By LIBBY CUDMORE • Special to www. AllOTSEGO.com
COOPERSTOWN – Zero cases of COVID-19 were reported in Otsego County Monday, Nov. 2. Three cases reported Tuesday, Nov. 3.
The spikes at Hartwick College and in Cooperstown following a 75-person wedding have, for now, quieted down.
“It’s slowed down considerably,” said Heidi Bond, Otsego County public health director.
Tuesday, Hartwick College and SUNY Oneonta both reported one case each. The other two cases were in the City of Oneonta and Unadilla.
The weekend brought 11 cases, including five Hartwick students and one SUNY student.
That’s down considerably from the 26 Hartwick cases traced to Red’s Ale House, the weekend of Oct. 16-17. Two of those infected were staff at the bar.
Hartwick moved to take-out only dining and suspending the use of gyms, but continued to offer in-person instruction, according to Karen McGrath, vice president/enrollment.
No faculty member tested positive, and though the numbers crept up, they never reached the state’s 5 percent threshold – 58 cases – which would have required the campus to close and pivot to remote instruction.
Students and staff are tested biweekly, and McGrath said that the majority of cases were asymoptomatic.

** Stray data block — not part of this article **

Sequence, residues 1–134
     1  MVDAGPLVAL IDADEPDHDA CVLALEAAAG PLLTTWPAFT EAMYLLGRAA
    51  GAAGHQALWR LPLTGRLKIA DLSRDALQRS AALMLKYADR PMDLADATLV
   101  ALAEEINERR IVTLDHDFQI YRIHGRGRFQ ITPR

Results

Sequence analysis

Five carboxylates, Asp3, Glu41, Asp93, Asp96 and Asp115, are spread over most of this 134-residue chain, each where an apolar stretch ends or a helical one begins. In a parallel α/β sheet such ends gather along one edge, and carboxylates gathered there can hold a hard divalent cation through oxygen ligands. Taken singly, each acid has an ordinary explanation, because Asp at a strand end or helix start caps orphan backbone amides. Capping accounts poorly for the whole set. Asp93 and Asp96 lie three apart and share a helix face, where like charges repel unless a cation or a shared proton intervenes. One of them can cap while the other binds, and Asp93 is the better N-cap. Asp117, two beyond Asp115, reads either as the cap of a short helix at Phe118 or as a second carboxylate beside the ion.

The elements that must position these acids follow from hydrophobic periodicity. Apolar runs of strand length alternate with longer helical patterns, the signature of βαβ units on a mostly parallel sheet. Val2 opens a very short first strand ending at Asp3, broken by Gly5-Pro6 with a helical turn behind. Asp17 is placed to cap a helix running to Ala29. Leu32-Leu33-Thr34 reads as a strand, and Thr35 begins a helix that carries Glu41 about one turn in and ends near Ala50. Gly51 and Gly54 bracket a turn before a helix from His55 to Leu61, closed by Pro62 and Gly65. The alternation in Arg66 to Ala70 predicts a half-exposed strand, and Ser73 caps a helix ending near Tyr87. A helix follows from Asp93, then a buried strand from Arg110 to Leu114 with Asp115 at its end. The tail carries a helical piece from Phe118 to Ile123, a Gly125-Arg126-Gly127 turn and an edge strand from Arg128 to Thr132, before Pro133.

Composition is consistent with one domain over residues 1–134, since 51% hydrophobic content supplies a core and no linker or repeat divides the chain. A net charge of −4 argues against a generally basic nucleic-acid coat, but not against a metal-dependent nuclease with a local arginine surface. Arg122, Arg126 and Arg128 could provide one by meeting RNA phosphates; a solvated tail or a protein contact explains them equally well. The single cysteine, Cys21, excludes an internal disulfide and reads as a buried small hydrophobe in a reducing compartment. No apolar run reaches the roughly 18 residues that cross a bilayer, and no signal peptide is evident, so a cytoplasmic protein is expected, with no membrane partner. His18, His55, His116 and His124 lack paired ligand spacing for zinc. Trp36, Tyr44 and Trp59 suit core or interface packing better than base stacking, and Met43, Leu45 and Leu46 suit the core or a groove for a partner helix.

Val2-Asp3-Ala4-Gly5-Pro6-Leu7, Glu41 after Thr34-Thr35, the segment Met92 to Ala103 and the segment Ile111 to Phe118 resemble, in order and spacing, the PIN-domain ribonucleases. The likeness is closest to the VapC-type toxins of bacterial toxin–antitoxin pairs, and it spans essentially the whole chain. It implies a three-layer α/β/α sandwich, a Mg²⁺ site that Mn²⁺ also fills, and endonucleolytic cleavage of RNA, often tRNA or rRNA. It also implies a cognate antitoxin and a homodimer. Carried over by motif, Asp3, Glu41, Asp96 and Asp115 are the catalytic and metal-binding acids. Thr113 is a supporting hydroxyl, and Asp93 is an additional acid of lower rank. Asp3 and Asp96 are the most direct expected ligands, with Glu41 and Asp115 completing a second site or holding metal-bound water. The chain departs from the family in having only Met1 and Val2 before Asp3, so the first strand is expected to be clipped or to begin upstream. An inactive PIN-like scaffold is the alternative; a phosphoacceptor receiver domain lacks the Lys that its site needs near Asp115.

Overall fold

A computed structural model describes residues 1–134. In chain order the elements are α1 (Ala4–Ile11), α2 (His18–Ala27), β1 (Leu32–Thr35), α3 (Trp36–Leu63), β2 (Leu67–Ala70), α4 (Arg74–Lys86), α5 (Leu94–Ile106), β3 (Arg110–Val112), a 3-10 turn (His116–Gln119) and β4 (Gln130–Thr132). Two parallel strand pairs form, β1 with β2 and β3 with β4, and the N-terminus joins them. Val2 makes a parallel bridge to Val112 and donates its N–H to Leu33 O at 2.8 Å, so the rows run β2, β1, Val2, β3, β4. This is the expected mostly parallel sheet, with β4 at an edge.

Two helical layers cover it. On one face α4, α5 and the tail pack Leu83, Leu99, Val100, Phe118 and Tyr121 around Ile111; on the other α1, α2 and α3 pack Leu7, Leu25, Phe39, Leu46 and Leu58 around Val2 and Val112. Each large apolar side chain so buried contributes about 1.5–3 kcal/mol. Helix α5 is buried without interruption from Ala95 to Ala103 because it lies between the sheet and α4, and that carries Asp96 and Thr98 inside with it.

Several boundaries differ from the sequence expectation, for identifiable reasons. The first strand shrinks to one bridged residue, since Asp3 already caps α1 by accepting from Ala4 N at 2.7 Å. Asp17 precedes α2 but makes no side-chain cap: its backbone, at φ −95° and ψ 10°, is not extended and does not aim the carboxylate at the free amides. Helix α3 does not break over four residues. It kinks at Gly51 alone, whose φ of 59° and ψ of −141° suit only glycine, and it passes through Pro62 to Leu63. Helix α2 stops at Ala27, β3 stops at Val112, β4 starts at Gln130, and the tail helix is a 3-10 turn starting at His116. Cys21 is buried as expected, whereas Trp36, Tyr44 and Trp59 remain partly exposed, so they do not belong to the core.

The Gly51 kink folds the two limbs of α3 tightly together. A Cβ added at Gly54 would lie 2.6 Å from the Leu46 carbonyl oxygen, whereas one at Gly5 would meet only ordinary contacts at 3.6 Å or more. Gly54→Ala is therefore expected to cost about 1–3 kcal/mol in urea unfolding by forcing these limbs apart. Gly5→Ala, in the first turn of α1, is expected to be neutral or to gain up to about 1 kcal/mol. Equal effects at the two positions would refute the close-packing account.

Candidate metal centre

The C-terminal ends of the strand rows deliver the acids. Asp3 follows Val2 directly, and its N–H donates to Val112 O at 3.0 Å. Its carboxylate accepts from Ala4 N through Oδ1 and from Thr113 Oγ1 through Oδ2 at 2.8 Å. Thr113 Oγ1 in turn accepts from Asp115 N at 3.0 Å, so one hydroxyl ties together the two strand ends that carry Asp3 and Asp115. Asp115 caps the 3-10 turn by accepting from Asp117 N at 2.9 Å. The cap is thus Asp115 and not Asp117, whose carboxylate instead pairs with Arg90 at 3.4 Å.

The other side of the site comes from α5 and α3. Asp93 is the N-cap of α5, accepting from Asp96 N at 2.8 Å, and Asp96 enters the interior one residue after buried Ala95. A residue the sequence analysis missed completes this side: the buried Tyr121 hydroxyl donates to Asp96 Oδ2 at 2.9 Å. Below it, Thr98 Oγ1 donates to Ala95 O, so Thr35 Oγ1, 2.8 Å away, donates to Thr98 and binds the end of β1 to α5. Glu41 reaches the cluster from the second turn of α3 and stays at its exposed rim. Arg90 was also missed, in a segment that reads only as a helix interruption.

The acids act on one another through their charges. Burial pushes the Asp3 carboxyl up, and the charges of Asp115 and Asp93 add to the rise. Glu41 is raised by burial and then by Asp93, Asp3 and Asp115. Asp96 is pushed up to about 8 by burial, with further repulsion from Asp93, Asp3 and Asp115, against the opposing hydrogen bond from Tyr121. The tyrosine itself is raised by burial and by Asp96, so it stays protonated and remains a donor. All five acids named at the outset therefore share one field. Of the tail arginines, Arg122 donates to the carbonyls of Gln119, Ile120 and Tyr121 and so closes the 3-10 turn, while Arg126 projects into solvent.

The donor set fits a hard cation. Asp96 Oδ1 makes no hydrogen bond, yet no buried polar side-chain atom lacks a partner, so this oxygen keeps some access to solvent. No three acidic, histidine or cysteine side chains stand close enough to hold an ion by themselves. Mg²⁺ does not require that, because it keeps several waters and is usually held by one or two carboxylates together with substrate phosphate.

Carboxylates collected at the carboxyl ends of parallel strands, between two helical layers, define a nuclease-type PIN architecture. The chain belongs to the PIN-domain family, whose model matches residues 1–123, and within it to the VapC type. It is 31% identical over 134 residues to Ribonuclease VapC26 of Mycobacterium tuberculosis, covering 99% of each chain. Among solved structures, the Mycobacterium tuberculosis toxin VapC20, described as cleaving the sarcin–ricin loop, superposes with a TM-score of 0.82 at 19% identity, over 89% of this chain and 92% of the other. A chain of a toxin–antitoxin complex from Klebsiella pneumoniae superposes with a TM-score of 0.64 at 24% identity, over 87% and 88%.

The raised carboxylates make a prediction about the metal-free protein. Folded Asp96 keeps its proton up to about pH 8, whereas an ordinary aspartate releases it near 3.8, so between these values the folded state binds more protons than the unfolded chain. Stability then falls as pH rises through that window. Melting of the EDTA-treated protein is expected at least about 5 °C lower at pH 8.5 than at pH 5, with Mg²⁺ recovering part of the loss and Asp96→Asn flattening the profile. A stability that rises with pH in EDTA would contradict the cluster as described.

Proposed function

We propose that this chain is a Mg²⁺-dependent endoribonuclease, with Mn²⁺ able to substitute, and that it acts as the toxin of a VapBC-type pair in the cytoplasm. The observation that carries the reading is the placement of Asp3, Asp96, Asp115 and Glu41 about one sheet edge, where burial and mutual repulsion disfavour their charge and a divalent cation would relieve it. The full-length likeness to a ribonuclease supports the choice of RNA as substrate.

If a student was showing symptoms, however, he or she was tested off-campus, she added.
Bond also said that the county Health Department deployed rapid-testing machines to the college to assist with testing.
If students test positive, they are placed in isolation, either on campus, separate from the rest of the students, or at home.
The cases in Oneonta and Unadilla were not connected to any other outbreak, and no one has been hospitalized.
As of presstime Tuesday evening, there were 39 active cases countywide, the majority of them among students.
Last week, the county topped 1,000 cases, with 1,025 total cases since the first cases were reported in March.
With three weeks left until students return home for Thanksgiving break, Bond is hoping they’ll consider their nightlife.
“Bars are not a good idea,” she said. “They might not be as constructed as restaurants, where you sit at a table and eat. You move around, and there’s a much higher risk.”
But students may be going home for Thanksgiving, Bond suggests that residents postpone any travel or gatherings. “I had to tell my family that there was no big dinner or visits from out-of-town, even in New York” she said.
And with the cold weather settling in, Bond recommends that everyone wear masks in any indoor setting that isn’t at home, such as work or school, where closed windows mean less ventilation.
“We’re going to be inside more,” she said. “Everyone needs to be wearing a mask, even if you are sitting six feet apart. It reduces the risk of transmission considerably.”
“It’s not easy for anybody,” she continued. “But until there’s a vaccine, we’re going to continue to see levels of infection.”